Karen: I have to admit, I'm not a fan of Giffen's art - and this was in his more conventional period! Maybe it's the inks; it's just very thin and insubstantial looking to me. And everyone has a line down the side of their face -I suppose for shading, but it just looks weird. I much prefer the work Jim Sherman and Mike Nasser had done prior to this.

Doug: I don't care for Giffen's pencils, either, and I was very happy to see that this story predated the really weird stuff he'd do once
the Legion went to Baxter paper and the whole team aged to adulthood. I thought the storytelling was pretty straightforward -- not a lot of risks in panel lay-out or camera angles. Was this an extension of DC's well-known philosophy of marketing their books to kids, and being overly conservative because of that? Because what we've been looking at in the Fantastic Four with Rich Buckler's lay-outs just blows this stuff away! But, hey -- that's funny... Rich Buckler working for DC could be pretty bland, too. Hmmm...

12 comments:

MaGnUs said...

A classic... I'd love an animated film made from it (it's been rumored as a possibility).

C.A.S. said...

One of the great story-arcs I've ever read; but I'll never understand when DC reprints this story in TPBs, they show the villain responsible on the cover! They should keep it hidden, so those that haven't read it are kept in suspense!

MaGnUs said...

It's a moot point. It's a story that's almost 30 years old, and it's not a Superman or Batman story that's bound to be bought off a shelf by a non-comic book reader.

Most people interested in buying it has heard of it, or wants to own a copy because they read it before.

Karen said...

I recall at the 2008 San Diego Comic Con, both Great Darkness Saga and the Judas Contract were mentioned as being possible DC Animated features. However, the recent releases -which I've enjoyed by the way -all seem to reflect more modern story lines.

Karen

Edo Bosnar said...

Wow - love the Great Darkness Saga. Great choice! Interesting how neither of you like Giffen's art - it was his art plus Levitz as writer that really made LoSH one of my favorite comics for a time.
By the way, as I recall, not many people figured out the identity of the baddie here before the big reveal (I know I didn't), not even regular DC readers more familiar with the Fourth World stories - except for one astute fan who rather amazingly figured it out on the basis of the character's first appearance in a back-up story. The editors only printed the letter after Darkseid came out of the closet, so to speak.

Anonymous said...

I had been a reader of the LSH during the Bates/Shooter/Cockrum/Grell era and has lost track of it until a couple of issues before this got started. For me, Giffen's art was something of an acquired taste, depending on who inked him.....I liked it during this time. From what I can remember, for me the artist at DC were either very good (Perez, Newton, Aparo) or very average (can't remember any names, I guess that makes sense).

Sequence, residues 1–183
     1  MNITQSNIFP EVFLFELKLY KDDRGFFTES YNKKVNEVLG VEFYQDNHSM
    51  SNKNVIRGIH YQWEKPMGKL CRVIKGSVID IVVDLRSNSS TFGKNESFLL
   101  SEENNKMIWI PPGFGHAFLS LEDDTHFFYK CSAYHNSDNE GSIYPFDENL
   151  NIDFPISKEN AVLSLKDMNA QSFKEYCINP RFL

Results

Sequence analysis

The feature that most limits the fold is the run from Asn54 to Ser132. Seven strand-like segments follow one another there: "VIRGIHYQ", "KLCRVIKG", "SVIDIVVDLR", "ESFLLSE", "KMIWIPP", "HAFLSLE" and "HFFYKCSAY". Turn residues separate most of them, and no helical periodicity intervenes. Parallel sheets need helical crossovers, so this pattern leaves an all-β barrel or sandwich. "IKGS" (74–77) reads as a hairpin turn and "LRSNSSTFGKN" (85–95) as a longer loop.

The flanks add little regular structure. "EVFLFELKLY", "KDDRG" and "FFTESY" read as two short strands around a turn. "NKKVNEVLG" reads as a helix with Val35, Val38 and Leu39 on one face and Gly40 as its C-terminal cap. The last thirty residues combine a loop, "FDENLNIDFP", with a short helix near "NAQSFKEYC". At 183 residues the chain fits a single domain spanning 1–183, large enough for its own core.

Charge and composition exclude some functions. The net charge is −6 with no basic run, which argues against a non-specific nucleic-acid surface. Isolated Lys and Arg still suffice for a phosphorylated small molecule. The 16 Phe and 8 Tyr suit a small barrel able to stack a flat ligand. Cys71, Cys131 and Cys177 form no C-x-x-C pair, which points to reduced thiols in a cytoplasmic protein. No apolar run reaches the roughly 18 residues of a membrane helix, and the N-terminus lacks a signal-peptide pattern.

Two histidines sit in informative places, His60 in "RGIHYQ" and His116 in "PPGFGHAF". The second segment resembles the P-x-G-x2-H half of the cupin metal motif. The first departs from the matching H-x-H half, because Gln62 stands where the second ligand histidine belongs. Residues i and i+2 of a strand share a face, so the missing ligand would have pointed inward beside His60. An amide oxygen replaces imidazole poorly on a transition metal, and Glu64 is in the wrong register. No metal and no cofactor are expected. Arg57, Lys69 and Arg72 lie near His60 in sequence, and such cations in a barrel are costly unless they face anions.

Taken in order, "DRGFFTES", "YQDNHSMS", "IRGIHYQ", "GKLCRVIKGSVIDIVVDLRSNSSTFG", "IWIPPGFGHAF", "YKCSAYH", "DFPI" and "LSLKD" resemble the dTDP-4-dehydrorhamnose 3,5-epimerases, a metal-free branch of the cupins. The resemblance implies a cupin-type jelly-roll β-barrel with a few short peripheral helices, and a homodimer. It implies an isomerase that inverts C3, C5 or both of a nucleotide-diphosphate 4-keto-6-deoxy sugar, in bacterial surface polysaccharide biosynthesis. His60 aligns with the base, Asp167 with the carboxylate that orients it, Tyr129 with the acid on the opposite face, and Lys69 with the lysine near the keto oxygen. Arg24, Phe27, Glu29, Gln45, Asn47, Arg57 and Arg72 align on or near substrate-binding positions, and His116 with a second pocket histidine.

This was one of the better arcs that I can remember. They did a great job with it and until recently, I wondered why it wasn't in print somewhere.

Doug said...

I think for me, my detractions from Giffen's art would mainly concern faces. His figure work is OK. But like I said, at least in this first issue the lay-outs were somewhat bland. Need to mix up the panel shapes/sizes and camera angles.

Doug

Dougie said...

I read this serial out of order- I'd got part 2 and 3 in Glasgow and part 1 above on my first-ever trip to London (Wrath of Khan was on at the cinema! What a summer!).
I was wild about Giffen's redesigns but even more so for the cameos of the Heroes of Lallor and the Wanderers in the last installment.1982-83 were some of my favourite years for the LSH.

MaGnUs said...

What do you guys think of the parallels between (not comparing quality, one's a classic, the other was just a good comic) this and what Abnett/Lanning did with The Legion, having Ra's al Ghul be the villain? I didn't see it coming, at least, and I read that when it had just come out, as opposed to the Great Darkness Saga, which I read many years after it was new.

Doug said...

MaGnUs --

I'll have to plead total ignorance. When and where was the Ra's story? Maybe I'm just not recollecting off the top of my head.

Doug

MaGnUs said...

It was in The Legion, the last book before Threeboot:

http://www.comics.org/series/7789/

The first storyarc, up to issue 8 (more or less) had Ra's as the villain revealed halfway through it. Good reading.

Doug said...

I may have those -- I know I've not read them, though. I'll check if I can remember by the time I get home :) .

Doug